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Investors should ‘limit reliance on third-party due diligence’

An FAO/OECD report warns that over-reliance on third parties risks missing ‘red flags’ determined by agricultural operations and suggests companies integrate field-based staff and producers on the ground in developing countries to mitigate this.

Investors should retain individual responsibility for managing due diligence on agricultural supply chains to avoid over-reliance on third-party certification schemes, according to a senior economist at the UN Food and Agriculture Organization.

Last month, the FAO released a Guidance for Responsible Agricultural Supply Chains report based on a joint effort with the Organization for Economic Cooperation and Development to assess current practices through a survey of 34 ag-related organizations including Rabobank, Syngenta and Aquila Capital.

Carried out between April and June 2018, the study found that, while most companies have strong policy commitments to responsible business conduct and have taken significant steps to implement them, such plans often run into challenges given very long supply chains of sometimes hundreds of suppliers.

In addition, the study found that many companies still fall short of meeting the OECD-FAO recommendations in full.

“Areas where the differences were notable relate to consultation with communities affected by business activities and engagement with holders of tenure or access rights over natural resources,” the report’s authors wrote.

Additionally, according to the report, over-reliance on third parties risks a situation where ‘red flags’ are determined by the third party’s objectives rather than the specific circumstances of agricultural operations; where risk-related information is not shared beyond a single pass/fail determination and few steps are taken by companies to verify third parties’ due diligence.

In response, the report suggests that companies take steps to integrate responsible business conduct practices into existing commercial integration between field-based staff and producers on the ground in developing countries.

“An example would be field technicians who visit smallholder farmers to advise on crop production and assess the quality of a farmer’s production, also assessing whether human rights abuses were occurring on the farm,” the report’s authors wrote.

The survey asked respondents to describe what role a set of specific issue areas plays in their policy commitments, assessment of relevant risks and actual management of risk. The sharing of benefits derived from agricultural operations was the only issue area for which respondents reported greater attention in practice than in their assessment of relevant business risk, according to the survey.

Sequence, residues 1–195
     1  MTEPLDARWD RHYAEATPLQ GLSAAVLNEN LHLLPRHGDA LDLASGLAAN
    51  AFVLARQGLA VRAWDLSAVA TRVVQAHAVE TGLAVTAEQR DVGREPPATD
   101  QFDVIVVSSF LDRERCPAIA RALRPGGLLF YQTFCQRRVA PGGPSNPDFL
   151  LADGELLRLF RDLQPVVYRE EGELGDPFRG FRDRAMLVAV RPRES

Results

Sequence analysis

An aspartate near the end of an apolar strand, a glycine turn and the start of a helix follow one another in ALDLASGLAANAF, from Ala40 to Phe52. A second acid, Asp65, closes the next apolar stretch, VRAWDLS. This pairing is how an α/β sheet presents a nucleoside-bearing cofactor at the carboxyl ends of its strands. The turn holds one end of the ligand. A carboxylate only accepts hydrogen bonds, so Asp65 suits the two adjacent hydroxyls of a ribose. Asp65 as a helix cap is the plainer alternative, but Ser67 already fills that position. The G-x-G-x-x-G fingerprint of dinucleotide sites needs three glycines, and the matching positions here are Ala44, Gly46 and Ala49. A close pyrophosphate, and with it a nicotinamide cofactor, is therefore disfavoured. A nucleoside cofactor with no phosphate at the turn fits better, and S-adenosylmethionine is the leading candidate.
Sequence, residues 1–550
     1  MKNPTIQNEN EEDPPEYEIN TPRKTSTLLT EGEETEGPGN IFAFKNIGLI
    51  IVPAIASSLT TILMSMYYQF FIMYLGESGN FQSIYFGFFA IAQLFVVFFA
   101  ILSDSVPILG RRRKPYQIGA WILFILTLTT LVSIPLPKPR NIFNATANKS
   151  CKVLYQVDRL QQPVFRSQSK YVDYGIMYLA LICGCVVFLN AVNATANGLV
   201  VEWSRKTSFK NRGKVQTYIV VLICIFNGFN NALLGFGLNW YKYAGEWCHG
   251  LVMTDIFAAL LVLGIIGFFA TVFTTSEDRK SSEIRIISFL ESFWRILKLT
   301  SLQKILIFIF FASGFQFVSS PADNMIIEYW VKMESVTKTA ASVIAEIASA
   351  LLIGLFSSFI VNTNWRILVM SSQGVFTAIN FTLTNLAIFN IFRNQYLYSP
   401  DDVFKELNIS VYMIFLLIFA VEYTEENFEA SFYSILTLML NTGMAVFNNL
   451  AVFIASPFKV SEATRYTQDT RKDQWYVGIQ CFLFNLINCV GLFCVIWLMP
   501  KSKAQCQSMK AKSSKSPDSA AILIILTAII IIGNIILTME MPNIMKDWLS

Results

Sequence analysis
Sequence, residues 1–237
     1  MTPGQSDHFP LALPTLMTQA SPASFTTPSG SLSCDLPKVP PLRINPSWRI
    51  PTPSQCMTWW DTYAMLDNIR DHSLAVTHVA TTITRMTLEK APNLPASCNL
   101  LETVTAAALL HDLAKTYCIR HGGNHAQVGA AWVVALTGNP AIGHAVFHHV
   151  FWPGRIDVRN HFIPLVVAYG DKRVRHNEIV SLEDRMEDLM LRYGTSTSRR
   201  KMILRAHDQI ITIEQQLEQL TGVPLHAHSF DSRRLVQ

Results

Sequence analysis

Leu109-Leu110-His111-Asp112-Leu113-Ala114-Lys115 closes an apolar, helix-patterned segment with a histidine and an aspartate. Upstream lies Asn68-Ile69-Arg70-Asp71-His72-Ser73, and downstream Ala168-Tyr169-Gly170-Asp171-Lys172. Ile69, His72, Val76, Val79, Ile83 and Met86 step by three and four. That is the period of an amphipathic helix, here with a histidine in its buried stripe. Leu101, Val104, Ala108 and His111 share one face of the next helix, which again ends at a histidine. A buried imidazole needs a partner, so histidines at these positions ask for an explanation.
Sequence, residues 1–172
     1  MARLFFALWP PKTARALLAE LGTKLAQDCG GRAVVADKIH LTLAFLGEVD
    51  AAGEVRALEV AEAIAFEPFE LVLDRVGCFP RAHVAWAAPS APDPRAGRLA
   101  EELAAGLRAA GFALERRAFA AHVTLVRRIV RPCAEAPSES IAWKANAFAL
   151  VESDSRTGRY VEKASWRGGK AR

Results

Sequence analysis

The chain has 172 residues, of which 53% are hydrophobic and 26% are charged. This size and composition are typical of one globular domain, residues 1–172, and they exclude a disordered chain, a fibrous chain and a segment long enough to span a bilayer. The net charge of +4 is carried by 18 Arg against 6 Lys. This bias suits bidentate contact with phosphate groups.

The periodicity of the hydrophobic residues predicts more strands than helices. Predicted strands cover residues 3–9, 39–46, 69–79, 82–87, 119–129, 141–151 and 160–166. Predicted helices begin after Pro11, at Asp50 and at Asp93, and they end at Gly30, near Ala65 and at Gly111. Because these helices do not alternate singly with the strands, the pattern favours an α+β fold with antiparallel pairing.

The gap between stated policies and practice was largest surrounding transparency and disclosure of information, according to the survey, which found that, although more than three-quarters of respondents include commitments to transparency in their stated policies, just 26 percent reported that disclosure of information formed part of their actual management of risk.

Difficult business

Speaking to Agri Investor soon after publication of the report, FAO senior economist Pascal Liu said the guidance is the result of a cooperative effort by the FAO and the OECD started four years ago. He said the pair has worked with policy makers, civil society leaders, unions, businesses and others to help companies observe standards of responsible business conduct and inform the way companies carry out due diligence around agricultural supply chains.

“Agriculture is a difficult business,” Liu said. “We have to admit the fact that investing in agriculture is risky, so investors need some kind of support to feel more encouraged to invest in countries with weak governance.”

Liu said there were investment funds among those participants that insisted on not being identified publicly.

“Some other investors we asked said: ‘We, as a company, would not mind disclosing, but we feel that our clients, the ones we manage the capital of, could feel a bit uncomfortable if we disclosed that we are participating’,” Liu said.

Investors already have relatively close interaction with certification teams, Liu said, but the study found room for improvement in terms of getting more information on challenges surrounding issues such as land tenure rights, labor rights and the implications of foreign investment for local food security.

Because there have been instances in which investors were told a property was for sale only to learn afterwards there had been some dispute surrounding the ownership of that land, Liu said the suggestion regarding ensuring access to grievance mechanisms was particularly relevant for investors.

“Especially if it’s an investment in land, local communities should have access to a grievance mechanism in case there are abuses or lack of respect for legitimate holders of tenure rights over land or over water resources,” said Liu. “This would be more specific to investors than for all companies.”